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Form finding—design as search

Frei Otto understood that form wasn’t a neutral container. Through complex material experiments at the Institute of Lightweight Structures in Stuttgart, Otto was able to allow for the “self-organization” of form in design. This is a technique that had been pioneered by Antonio Gaudi in the physical calculation of the vaulting of the Sagrada Familia in Barcelona in the late 19th and early 20th centuries. From hundreds of experiments Otto was able to derive optimal form by allowing the forces of stress to reach a state of equilibrium. He demonstrated these principles through the use of soap bubbles, where surface tension forces the thin membrane of the bubbles to conform into spherical arrangements. When introducing external elements, soap bubbles would self-organize to determine an optimal solution to the problem of force. The emergent minimal surface is a physical phenomenon obtained by the optimization of stress under interpolation constrains.

Form finding suggests that the act of designing becomes a search for an optimal solution. Adopted from evolutionary biology, the notion of the fittest design is considered validation criteria for an architecture that has been conceived as a puzzle, where one solution presents the ideal response to a problem of performance. The practice of material computation, from a parametric perspective, inherently declares the variables associated with structural stability as the key field to be evaluated and changed to reach to an optimal structure. It hasn’t been until the advent of digital simulations, with techniques such as spring-relaxation or subdivision algorithms, that the practice of form finding could include architectural variables beyond structure, such as inhabitation areas, light exposure, egress paths, etc. These are criteria that experiments in material computation would have missed, as physical materials are agnostic to the series of overlapping objectives of an architectural agenda. In physical form finding, the hierarchical imperative is gravity and self-support, digital form finding allowed the negotiation of material parameters with a larger pool of architectural concerns. What emerges out of the accumulation of design parameters in a model is that inevitably, there will be criteria that counteract one another at the moment of evaluating one form of performance; for instance, as exemplified by John Frazer in one of his lectures in 2014,19 the width of the hull of a vessel will affect its speed and its potential inhabitation at opposite ends of the variable’s domain. In such a case, the designer cannot just rely on form finding but must first decide what criteria is most relevant for the brief in hand. Or, as has been presented by philosopher and Professor Steven Shaviro as an argument against methodologies of self-organization:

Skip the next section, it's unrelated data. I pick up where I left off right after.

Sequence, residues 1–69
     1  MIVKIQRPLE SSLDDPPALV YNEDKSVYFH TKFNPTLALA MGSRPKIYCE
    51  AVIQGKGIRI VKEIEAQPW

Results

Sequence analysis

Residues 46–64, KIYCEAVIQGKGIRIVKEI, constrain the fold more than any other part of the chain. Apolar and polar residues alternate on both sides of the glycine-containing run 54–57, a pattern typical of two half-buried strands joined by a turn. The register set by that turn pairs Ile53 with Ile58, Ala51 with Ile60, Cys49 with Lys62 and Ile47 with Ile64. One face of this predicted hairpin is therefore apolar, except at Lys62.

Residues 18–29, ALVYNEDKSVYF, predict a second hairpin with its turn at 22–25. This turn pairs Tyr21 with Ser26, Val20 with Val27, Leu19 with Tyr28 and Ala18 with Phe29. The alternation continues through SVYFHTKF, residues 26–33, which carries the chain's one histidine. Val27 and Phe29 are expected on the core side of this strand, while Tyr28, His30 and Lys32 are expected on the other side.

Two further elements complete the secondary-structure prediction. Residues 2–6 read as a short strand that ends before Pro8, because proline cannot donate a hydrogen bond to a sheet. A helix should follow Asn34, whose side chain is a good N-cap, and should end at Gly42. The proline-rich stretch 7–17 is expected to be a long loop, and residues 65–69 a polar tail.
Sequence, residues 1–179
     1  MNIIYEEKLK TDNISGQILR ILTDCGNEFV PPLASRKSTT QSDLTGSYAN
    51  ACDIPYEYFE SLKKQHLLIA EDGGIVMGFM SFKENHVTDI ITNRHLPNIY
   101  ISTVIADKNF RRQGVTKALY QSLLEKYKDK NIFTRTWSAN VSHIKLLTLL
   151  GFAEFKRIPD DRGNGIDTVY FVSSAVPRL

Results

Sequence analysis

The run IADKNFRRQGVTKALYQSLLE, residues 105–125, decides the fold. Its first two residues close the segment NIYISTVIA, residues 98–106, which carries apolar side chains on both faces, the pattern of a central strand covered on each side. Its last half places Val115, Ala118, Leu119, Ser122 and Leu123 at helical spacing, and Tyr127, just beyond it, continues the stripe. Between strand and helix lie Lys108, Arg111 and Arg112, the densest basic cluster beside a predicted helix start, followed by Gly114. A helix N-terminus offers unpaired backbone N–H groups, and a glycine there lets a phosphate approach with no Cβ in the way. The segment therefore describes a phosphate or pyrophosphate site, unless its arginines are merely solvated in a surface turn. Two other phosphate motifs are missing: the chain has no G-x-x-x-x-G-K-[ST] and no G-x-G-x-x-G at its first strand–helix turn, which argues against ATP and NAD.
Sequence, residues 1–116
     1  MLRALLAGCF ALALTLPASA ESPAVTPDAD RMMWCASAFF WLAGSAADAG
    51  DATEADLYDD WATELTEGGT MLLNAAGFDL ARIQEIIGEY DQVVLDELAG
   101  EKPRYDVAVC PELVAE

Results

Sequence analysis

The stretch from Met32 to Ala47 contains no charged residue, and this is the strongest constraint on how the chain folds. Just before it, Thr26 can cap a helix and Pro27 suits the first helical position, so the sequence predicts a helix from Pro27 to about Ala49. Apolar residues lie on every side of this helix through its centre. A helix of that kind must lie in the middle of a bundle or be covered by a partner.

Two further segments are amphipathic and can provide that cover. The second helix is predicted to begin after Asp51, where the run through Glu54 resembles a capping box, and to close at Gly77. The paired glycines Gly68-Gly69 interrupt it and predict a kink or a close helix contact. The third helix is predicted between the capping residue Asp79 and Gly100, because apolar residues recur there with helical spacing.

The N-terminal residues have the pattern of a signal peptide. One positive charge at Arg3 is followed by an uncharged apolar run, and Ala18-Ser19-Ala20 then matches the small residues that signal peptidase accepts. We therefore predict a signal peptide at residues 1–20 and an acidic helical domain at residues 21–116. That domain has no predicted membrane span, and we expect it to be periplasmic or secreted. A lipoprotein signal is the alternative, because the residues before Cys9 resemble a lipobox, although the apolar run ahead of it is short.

No self-organizing system can obviate the need for such a decision, or dictate what it will be. And decision always implies novelty or difference—in this way it is absolutely incompatible with notions of autopoiesis, homeostasis, or Spinoza’s conatus. What we need is an aesthetics of decision, instead of our current metaphysics of emergence.2"

While suppressing concerns like budget or ethical labor practices can yield exuberance, form is always an act of decision making. Design is the selection of a series of parameters and criteria over others. A naïve form of computation suggests that there is indeed an optimal form, one that might be able to consider all the available parameters and objectively determine the apex of a fitness landscape, but as some criteria are privileged, others will inevitably be disregarded.This form of optimization demarcates a boundary between the object and the environment, implying that the optimization can only be operated over the object of governance. The object becomes an island, able to optimize all its internal components but speciates from any further couplings.

If we focus our attention at the fitness landscape, and observe design as a probabilistic event defined by all the degrees of freedom enabled by a parametric equation, we can identify that such landscape does not offer all real design solutions. Such a fitness landscape needs to be understood as a system of expectations.

 
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